Skip to main content

Good morning, and we're rolling downhill to outdoor gardening season!  Welcome to Saturday Morning Garden Blogging.

Denver has settled into its semi-normal pattern of giving us a shot of warm-for-the-season weather.  We had a touch of snow early in the week, but since then there have been highs in the mid-to-upper 50s, and by Sunday it may go into the 60s.  The snow is melted from the southern flower beds and soon will be gone from the back yard, too.

I so appreciate getting this yearly break from cold; in the years when it doesn't arrive winter seems especially long and bleak.  It also helps that one of my orchids bloomed; they really love the natural light at my office.

I haven't put together my seed order yet, but I have been working on one of my gardening resolutions: figuring out how to control the Japanese beetles that I first saw in my garden last year.  jayden pointed me to research which has shown that the petals of red, salmon or white common geraniums paralyze beetles, rendering them vulnerable to becoming snacks for other creatures.  So I've been busy taking cuttings from my red geranium, rooting them in water and potting them up.

While the information is useful, I did find this portion of the article disturbing:

"Oh, my goodness, that's amazing," says Cresswell, who wondered whether she should plant a boatload of geraniums in her rose garden once the danger of frost is past, usually right about now.

In a word: No.

"At this point, I wouldn't run out and buy geraniums and expect there to be no more Japanese beetles," says entomologist Christopher M. Ranger, a native of Gillette, N.J., and lead scientist on the beetle project.

"But it does look promising," he says. "Ultimately, we can develop pest-control strategies for homeowners to use, based on this whole phenomenon."

Those strategies, which the USDA hopes to patent, likely involve isolating the paralyzing geranium compounds and using them to create a natural botanical spray to control beetles.

Emphasis added

The attitude that unless a remedy is nearly 100% effective at killing a garden pest it isn't worth bothering with, is what created the chemical stew we all swim in.  Chemicals aren't a panacea, but should be saved as a last resort.  And perhaps it was the reporter who put the "don't bother to plant geraniums" spin on the piece but still, I interpret the USDA's plan to identify, then refine and patent whatever compounds are in the geranium petals which causes the paralysis as the USDA's imprimatur of the idea that eradication is the only acceptable outcome.  And it would be considered "natural" and "organic".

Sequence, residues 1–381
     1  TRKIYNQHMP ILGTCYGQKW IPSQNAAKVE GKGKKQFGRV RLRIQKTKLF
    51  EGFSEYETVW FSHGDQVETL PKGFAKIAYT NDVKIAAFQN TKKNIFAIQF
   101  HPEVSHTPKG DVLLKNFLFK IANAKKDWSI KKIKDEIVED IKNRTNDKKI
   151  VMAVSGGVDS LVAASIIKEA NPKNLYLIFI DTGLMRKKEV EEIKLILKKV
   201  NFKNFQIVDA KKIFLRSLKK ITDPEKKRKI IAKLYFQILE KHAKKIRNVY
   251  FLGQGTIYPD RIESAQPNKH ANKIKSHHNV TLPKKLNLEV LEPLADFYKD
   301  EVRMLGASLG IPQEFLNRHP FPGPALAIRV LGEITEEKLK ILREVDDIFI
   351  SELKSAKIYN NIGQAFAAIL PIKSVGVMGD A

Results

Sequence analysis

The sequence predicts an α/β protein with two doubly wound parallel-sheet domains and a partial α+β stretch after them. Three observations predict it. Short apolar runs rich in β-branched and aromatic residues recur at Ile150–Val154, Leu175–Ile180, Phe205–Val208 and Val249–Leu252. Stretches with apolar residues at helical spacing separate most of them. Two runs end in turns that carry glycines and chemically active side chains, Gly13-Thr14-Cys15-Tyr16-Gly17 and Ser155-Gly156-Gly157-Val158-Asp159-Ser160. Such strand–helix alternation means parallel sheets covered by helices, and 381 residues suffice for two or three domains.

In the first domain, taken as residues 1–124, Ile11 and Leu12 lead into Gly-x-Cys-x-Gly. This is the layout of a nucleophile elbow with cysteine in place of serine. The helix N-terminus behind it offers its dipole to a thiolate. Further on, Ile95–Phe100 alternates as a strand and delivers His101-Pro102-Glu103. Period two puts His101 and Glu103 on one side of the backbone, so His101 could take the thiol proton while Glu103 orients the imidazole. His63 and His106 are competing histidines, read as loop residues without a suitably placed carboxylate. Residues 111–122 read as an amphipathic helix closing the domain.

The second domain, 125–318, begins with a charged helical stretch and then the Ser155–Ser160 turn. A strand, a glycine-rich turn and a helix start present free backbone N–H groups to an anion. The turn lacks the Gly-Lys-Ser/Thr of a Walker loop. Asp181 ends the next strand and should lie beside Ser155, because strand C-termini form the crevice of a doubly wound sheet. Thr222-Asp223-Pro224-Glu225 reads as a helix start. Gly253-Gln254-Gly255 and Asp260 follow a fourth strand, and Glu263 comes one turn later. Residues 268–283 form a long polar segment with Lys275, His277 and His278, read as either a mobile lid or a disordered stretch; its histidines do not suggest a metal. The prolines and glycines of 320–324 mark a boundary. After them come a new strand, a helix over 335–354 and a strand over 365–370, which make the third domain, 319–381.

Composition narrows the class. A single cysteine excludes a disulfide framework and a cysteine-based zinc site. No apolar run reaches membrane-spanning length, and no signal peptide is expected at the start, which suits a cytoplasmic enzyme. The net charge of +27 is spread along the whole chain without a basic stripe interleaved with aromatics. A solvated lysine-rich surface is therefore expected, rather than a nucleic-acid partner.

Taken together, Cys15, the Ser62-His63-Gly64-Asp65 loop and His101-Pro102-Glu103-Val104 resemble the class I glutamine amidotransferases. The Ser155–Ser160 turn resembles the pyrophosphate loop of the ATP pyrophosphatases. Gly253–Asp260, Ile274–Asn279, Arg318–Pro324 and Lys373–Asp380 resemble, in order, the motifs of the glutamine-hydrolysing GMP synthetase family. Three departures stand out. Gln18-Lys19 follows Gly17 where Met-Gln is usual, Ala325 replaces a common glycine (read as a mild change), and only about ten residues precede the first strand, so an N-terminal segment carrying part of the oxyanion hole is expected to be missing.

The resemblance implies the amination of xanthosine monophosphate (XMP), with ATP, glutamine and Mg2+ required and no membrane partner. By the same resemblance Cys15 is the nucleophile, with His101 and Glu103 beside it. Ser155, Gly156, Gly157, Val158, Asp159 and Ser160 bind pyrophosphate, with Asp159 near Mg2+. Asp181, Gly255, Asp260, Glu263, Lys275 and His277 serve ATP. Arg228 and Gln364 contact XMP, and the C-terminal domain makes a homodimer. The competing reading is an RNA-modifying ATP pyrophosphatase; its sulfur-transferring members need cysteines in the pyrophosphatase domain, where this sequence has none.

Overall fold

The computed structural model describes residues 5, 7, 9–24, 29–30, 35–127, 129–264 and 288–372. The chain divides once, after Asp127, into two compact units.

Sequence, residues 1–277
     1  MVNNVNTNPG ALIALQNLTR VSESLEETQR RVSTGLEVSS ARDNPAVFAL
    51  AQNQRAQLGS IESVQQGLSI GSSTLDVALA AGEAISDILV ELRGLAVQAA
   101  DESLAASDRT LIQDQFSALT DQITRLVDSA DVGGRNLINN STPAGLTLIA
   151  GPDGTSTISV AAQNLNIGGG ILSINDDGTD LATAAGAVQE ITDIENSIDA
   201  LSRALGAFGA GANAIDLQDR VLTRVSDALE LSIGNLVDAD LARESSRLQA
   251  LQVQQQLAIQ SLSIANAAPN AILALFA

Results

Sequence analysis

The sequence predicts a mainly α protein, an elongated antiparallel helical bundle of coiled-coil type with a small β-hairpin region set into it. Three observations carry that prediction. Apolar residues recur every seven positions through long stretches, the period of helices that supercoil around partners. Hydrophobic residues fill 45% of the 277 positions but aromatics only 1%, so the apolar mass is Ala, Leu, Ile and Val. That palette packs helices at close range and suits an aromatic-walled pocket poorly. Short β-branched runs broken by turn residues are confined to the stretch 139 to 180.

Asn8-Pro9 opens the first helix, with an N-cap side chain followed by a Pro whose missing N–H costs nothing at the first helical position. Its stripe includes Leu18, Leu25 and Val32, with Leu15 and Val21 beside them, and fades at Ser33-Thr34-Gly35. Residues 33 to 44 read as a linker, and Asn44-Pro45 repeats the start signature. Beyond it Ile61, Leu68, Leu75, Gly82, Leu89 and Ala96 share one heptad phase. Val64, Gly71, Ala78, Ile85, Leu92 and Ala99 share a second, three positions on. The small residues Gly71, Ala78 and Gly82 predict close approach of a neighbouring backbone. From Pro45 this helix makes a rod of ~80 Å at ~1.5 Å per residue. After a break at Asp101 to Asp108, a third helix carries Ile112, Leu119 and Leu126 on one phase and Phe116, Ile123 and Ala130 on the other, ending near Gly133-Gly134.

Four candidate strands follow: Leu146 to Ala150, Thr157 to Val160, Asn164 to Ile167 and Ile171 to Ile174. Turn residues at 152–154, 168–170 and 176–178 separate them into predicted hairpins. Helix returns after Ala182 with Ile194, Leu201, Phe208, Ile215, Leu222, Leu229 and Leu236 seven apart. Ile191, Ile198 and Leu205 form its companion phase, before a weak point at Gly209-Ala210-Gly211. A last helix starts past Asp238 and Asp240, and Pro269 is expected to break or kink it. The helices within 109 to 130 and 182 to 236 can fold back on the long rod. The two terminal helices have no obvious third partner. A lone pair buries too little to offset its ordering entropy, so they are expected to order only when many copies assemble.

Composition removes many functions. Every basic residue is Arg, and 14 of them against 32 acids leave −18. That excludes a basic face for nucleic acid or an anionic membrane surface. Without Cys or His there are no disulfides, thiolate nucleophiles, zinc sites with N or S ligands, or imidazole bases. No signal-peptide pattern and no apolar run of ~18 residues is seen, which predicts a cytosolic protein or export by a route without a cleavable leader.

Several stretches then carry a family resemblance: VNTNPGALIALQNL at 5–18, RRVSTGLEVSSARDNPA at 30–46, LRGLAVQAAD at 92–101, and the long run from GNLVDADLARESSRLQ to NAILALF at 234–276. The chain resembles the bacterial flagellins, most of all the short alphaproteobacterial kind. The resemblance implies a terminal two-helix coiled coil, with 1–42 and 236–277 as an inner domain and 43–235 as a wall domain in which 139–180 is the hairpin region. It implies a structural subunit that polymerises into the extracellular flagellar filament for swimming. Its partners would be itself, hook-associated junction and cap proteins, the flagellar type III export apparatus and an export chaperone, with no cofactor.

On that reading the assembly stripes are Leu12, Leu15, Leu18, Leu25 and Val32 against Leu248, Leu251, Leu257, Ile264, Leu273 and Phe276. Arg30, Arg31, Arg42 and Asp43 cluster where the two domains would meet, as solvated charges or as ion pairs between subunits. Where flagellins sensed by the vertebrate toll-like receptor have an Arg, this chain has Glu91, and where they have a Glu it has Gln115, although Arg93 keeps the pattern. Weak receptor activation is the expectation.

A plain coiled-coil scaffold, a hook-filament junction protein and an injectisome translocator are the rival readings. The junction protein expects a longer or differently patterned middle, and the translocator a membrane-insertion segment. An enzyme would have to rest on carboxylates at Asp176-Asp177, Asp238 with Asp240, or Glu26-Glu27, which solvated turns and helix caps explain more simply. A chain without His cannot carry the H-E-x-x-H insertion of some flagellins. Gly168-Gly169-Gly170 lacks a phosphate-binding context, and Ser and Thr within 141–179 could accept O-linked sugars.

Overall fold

If the compound(s) paralyzes Japanese beetles, what might it do, in purified, insecticidal form, to a human infant?  To cats and birds and lady bugs?  To earthworms and grubs and other beneficial inhabitants of the soil?

Perhaps it's coincidence, but last year was the first year in a long while that I haven't hung red geraniums on the front porch; and last year was the first year that I found Japanese beetles in my yard.  I'm theorizing that the red geraniums kept the level of whatever Japanese beetles are in the area low enough escape detection.  And that's good enough for me; I'll save the occasional squirt of chemicals for a more intractable problem.

That's what's happening here.  What's going on in your gardens?

EMAIL TO A FRIEND X
Your Email has been sent.
You must add at least one tag to this diary before publishing it.

Add keywords that describe this diary. Separate multiple keywords with commas.
Tagging tips - Search For Tags - Browse For Tags

?

More Tagging tips:

A tag is a way to search for this diary. If someone is searching for "Barack Obama," is this a diary they'd be trying to find?

Use a person's full name, without any title. Senator Obama may become President Obama, and Michelle Obama might run for office.

If your diary covers an election or elected official, use election tags, which are generally the state abbreviation followed by the office. CA-01 is the first district House seat. CA-Sen covers both senate races. NY-GOV covers the New York governor's race.

Tags do not compound: that is, "education reform" is a completely different tag from "education". A tag like "reform" alone is probably not meaningful.

Consider if one or more of these tags fits your diary: Civil Rights, Community, Congress, Culture, Economy, Education, Elections, Energy, Environment, Health Care, International, Labor, Law, Media, Meta, National Security, Science, Transportation, or White House. If your diary is specific to a state, consider adding the state (California, Texas, etc). Keep in mind, though, that there are many wonderful and important diaries that don't fit in any of these tags. Don't worry if yours doesn't.

You can add a private note to this diary when hotlisting it:
Are you sure you want to remove this diary from your hotlist?
Are you sure you want to remove your recommendation? You can only recommend a diary once, so you will not be able to re-recommend it afterwards.
Rescue this diary, and add a note:
Are you sure you want to remove this diary from Rescue?
Choose where to republish this diary. The diary will be added to the queue for that group. Publish it from the queue to make it appear.

You must be a member of a group to use this feature.

Add a quick update to your diary without changing the diary itself:
Are you sure you want to remove this diary?
(The diary will be removed from the site and returned to your drafts for further editing.)
(The diary will be removed.)
Are you sure you want to save these changes to the published diary?

Comment Preferences

Subscribe or Donate to support Daily Kos.

Click here for the mobile view of the site